ON THE SOAPBOX:
Another Womans Trash
Years ago, I convinced my mother to take a stab at cleaning out the basement.
It was an overwhelming task. It was filled with things not just from our immediate family, but from my grandmother, people my mother worked for, people she knew and others. The room was filled to the rafters with stuff.
But, doggedly determined, down we went. She, to sit in a decision-making chair. I and my daughter, to pull things out of boxes to make decisions on.
The first item up for bid was a ping pong paddle.
I held it up to her and, expecting her to say pitch it, I went to throw it in the trash.
Wait! she said, her voice in a panic.
Mother, its a ping pong paddle, I said. And we dont have a ping pong table anymore.
I know, she said, But its a perfectly good ping pong paddle.
We laughed for a good 20 minutes, but realized that our points of view on what was trash and what was treasure would never come together, and we left the basement as it was.
We figured we had time ahead of us to try again. We would clean it out then.
In April of this year, time ran out; my mother passed away.
A self-admitted packrat with a consciousness bred from the Depression and war years, during which she was raised, the stuff my mother left behind is unbelievable.
Since the second weekend after her passing, weve been cleaning out.
I would venture a guess that we have put out around 100 bags of trash. In addition, weve made two trips to the recycling center with borrowed trucks full of papers, magazines and such.
We have 13 boxes of craft books were giving to the library when I can get someone to help me take them over; and we have given away more than 20 bags of clothing, including 32 pairs of shoes, some dating back to the 60s.
Everyone in the family—thats six families—and friends have claimed items of remembrance. Weve sent things for consignment, sold things to dealers, and still... still... no room in my mothers house is fully empty, and, in the basement, weve cleared only about 15 square feet.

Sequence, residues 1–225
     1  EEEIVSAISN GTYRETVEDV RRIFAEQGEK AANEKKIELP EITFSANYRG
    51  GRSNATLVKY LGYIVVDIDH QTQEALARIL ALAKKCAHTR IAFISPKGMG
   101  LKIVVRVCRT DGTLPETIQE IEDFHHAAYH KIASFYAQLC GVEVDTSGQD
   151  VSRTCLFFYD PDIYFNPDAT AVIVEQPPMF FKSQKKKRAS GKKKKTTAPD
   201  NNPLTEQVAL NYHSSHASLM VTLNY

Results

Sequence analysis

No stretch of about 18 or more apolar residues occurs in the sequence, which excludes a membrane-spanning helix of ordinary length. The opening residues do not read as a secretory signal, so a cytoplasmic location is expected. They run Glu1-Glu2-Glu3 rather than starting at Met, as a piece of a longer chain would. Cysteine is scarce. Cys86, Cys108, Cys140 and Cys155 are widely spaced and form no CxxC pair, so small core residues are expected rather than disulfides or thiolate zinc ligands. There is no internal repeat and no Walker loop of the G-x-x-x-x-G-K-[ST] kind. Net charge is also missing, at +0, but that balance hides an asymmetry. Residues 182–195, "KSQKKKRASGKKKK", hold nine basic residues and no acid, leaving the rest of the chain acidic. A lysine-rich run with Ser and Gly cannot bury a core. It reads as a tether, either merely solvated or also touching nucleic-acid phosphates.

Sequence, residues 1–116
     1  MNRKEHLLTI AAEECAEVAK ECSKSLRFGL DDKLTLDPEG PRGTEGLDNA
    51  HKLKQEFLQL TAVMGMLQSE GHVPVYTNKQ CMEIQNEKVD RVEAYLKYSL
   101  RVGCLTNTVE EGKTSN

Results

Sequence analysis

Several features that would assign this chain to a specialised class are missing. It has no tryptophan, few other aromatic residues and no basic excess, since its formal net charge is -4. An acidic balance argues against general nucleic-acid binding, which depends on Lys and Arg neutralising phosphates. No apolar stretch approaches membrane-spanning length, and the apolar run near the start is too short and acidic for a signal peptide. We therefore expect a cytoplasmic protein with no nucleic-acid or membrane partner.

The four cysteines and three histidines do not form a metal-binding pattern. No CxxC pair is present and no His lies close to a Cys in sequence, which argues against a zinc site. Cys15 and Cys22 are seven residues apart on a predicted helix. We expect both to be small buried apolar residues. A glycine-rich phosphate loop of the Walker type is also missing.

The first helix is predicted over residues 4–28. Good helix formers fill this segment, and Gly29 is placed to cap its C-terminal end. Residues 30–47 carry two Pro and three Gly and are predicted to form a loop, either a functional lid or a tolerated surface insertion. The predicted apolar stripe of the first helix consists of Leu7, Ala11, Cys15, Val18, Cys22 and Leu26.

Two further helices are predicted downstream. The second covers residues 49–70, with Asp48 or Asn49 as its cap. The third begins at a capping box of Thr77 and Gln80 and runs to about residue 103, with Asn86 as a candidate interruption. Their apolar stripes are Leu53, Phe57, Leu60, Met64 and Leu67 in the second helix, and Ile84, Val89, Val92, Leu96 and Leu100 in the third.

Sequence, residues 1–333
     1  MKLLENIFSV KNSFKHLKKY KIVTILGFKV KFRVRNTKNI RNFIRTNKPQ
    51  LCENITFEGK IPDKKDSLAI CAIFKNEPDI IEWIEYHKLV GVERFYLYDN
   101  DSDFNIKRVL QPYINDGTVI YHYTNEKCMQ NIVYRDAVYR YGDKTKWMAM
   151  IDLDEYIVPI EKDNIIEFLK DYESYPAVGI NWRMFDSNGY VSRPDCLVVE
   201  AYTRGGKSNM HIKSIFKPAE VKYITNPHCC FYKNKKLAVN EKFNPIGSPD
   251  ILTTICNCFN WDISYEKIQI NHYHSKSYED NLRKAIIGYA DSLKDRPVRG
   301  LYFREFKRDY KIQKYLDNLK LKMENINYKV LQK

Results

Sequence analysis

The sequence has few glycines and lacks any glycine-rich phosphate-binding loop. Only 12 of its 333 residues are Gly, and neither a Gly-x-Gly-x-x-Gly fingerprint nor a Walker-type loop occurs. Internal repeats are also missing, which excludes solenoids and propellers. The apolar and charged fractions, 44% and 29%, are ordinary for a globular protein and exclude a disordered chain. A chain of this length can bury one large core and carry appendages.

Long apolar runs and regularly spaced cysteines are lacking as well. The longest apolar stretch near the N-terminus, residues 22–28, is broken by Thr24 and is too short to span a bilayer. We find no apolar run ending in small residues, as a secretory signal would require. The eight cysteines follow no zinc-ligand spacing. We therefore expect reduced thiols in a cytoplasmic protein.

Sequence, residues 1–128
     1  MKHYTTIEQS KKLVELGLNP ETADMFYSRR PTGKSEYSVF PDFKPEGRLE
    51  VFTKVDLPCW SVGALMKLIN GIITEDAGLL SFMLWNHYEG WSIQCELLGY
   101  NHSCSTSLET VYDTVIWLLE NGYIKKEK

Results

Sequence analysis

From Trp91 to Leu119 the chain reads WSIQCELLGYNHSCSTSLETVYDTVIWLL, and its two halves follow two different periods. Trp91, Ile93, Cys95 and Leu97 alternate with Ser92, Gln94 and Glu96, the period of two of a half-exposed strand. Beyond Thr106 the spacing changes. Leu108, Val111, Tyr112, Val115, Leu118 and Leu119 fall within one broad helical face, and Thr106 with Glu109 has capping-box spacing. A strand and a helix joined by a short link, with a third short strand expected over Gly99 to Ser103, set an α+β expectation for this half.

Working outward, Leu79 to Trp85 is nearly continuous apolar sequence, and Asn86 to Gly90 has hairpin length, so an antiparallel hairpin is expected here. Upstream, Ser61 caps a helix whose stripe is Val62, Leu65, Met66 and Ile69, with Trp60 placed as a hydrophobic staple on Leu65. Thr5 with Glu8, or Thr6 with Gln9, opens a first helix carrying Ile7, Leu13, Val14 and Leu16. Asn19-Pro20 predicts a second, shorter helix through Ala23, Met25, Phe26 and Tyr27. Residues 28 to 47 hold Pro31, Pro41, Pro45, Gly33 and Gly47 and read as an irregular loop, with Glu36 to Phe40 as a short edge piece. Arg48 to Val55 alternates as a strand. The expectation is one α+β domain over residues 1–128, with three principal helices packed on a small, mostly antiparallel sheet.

Separately and jointly, weve come to one firm conclusion: We are not going to let this happen to us.
There is more to it than just the cleaning up and out. There is the sorting...the determining... the guilt.
With every item I pitch, I wonder, Would mother have wanted that saved? The strain in making that determination is what psychotherapists couches were made for.
My sister loves to say, Make it disappear when she is asked for her opinion on an item. But I have problems with doing just that, even though I know shes probably right in most cases.
One of our biggest problems is that my father was fairly well-known in this town. A radio announcer for some years, we have many things that have to do with radio as far back as the 50s.
What do you do with such things?
You know what Im doing; Im keeping them, and more besides. Although I laughingly say Im keeping them for Posterity when she comes by to collect, the truth is that Im just like my mother. I have the family addiction.
Im keeping things I dont need, will never use, and that will stay locked away in boxes and chests until I pass away.
And, when I do, my daughter will open up those boxes and chests and shake her head in wonder as we are now doing, and say, Why did she keep this? and What should I do with it?
Sadly, in my heart of hearts, I hope shell keep the stuff, because I did.
Because there is a part of me that says I want my childrens childrens children to see it and understand where they came from, to touch the 19th and 20th Centuries.
But there is also a part of me that honestly, truly, deep down wants to make it disappear.
And because of this inner conflict, I realize that I am truly addicted.
And so I say to you, take pity on your kids. Dont be an enabler.
Make it disappear before they have to.
Clean it up. Throw it out.
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This story was published on September 5, 2001.